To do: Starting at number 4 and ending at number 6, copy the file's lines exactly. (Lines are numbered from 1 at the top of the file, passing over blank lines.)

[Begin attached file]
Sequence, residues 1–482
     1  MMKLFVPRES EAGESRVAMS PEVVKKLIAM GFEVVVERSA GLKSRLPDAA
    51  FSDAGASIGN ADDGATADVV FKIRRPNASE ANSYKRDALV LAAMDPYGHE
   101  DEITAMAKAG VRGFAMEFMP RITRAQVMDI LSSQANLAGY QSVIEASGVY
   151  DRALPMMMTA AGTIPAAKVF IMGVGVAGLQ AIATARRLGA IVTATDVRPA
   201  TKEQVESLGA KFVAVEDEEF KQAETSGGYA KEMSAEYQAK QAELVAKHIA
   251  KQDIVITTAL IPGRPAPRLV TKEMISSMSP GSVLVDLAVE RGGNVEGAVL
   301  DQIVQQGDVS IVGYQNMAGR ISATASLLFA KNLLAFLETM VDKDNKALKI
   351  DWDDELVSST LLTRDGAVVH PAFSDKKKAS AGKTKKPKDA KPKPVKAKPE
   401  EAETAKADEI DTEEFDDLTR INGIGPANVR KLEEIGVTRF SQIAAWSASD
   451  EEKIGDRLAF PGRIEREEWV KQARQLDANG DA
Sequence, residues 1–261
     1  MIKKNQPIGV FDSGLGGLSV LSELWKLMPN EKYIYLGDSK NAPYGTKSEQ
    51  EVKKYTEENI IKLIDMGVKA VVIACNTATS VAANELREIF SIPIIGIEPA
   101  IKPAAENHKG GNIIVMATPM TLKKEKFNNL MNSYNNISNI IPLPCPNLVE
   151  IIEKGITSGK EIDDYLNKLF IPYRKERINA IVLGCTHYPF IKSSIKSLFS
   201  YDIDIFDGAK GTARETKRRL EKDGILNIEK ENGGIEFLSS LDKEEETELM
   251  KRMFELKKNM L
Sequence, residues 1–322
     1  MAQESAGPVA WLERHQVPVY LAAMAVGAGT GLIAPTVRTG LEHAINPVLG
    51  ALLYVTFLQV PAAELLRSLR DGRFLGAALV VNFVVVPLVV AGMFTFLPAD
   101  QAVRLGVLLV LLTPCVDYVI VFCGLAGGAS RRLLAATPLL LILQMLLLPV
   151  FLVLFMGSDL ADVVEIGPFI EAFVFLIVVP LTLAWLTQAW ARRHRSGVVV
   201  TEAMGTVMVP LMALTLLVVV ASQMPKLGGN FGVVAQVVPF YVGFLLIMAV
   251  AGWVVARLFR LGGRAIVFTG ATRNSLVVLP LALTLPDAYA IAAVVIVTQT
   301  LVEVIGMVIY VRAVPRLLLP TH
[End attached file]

   101  DEITAMAKAG VRGFAMEFMP RITRAQVMDI LSSQANLAGY QSVIEASGVY
   151  DRALPMMMTA AGTIPAAKVF IMGVGVAGLQ AIATARRLGA IVTATDVRPA
   201  TKEQVESLGA KFVAVEDEEF KQAETSGGYA KEMSAEYQAK QAELVAKHIA